Happy couple sitting among moving boxes in their new home, reviewing details of the Tax-Free First Home Savings Account on a tablet.

Introducing the Tax-Free First Home Savings Account

August 12, 2022

On August 9, 2022, draft legislation was released to implement the proposals introduced in the 2022 Federal Budget, including the new Tax-Free First Home Savings Account (TFHSA). This exciting new plan borrows elements from both the Registered Retirement Savings Plan (RRSP) and Tax-Free Savings Account (TFSA), and is designed to help first-time home buyers fund their purchase of their first home.

Below are some of the key features of this new plan that you should know.

Highlights of the TFHSA

The main features of the new plan include:

  • An annual contribution limit of $8,000 and lifetime contribution limit of $40,000.
  • With a spouse or partner that is also eligible to contribute, total contributions could be doubled to an annual contribution of $16,000 for 5 years and a lifetime contribution limit of $80,000.
  • Unused contribution room can be carried forward to future years (to a maximum of $8,000)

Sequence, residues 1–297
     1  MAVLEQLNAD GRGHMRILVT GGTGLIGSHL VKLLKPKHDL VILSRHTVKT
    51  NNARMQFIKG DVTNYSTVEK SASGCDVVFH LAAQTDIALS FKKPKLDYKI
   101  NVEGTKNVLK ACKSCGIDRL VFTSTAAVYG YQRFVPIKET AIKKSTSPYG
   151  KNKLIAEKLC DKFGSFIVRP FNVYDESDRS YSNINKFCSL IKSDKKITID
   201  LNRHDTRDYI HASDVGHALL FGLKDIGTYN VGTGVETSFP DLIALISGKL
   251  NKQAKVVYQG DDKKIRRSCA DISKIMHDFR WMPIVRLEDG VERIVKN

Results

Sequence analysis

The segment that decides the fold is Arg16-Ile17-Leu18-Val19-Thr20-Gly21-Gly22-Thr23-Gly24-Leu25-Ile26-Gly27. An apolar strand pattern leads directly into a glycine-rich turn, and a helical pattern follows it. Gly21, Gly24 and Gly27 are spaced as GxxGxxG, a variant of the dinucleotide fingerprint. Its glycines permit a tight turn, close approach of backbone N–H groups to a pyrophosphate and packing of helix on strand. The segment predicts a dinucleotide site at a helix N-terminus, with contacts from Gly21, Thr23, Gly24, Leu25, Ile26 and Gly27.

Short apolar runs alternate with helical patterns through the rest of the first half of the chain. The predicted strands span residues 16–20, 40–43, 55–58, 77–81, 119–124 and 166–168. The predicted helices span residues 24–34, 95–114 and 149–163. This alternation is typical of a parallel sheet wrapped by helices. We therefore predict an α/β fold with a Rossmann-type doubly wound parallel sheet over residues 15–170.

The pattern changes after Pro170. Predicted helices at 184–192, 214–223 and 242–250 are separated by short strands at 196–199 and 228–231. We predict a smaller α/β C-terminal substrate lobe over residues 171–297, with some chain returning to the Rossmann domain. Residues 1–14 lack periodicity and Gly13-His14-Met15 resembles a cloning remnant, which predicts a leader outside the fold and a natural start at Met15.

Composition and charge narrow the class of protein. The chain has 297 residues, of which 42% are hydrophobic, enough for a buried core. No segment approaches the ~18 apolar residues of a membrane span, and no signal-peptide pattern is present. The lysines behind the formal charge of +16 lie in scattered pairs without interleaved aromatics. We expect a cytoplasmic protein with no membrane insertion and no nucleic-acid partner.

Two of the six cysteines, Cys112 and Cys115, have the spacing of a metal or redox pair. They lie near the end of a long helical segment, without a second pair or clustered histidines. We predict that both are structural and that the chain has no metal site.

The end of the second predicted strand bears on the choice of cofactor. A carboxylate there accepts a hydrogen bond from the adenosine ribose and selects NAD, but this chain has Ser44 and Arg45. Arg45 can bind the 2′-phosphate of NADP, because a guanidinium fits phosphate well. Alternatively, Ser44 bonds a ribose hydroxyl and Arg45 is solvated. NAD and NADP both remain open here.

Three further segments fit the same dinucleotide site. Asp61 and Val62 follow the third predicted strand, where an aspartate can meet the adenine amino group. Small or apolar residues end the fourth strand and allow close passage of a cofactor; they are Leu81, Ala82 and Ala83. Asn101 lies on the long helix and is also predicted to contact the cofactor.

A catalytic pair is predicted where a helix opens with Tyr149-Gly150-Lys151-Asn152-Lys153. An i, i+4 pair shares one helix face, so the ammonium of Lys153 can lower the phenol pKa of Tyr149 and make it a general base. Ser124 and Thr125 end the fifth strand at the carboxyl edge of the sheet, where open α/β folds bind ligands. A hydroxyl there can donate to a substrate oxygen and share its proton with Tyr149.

• Contributions are tax deductible (similar to an RRSP)
  • Contributions can be made up to the earlier of:
    • 15 years from account opening; or,
    • In the year the individual reaches age 71
  • Withdrawals, including investment income, are tax-free if used to purchase a qualifying home
  • Ineligible withdrawals are included in income (similar to an RRSP and Registered Retirement Income Fund (RRIF))
  • TFHSA funds can be transferred to RRSPs or RRIFs on a tax-deferred basis. These transfers are not limited to the individuals RRSP contribution limits.

First time home buyer criteria

The definition for of a first-time home buyer is a person who does not own a home that they lived in during the year of purchase or in the preceding four years. The qualifying home purchase must be a “housing unit” located in Canada, or a share in a qualifying housing co-op.

Unfortunately, TFHSA withdrawals cannot be combined with RRSP Home Buyer Plan withdrawals on the same purchase.

Other key details

Other important points that have been revealed include:

  • Overcontributions to TFHSAs will be subject to a penalty tax (similar to a TFSA)
  • There is no spousal contribution–type arrangements (unlike RRSPs); however, one spouse could transfer funds to their spouse to fund their own TFHSA account
  • The TFHSA is expected to be in place during 2023; however, no matter when it is in place in 2023, you will be able to contribute up to the full $8,000 limit for that year

While we are still awaiting the full details of the TFHSA to be released, contact your DMCL advisor if you would like more information on how the plan will work and if you qualify.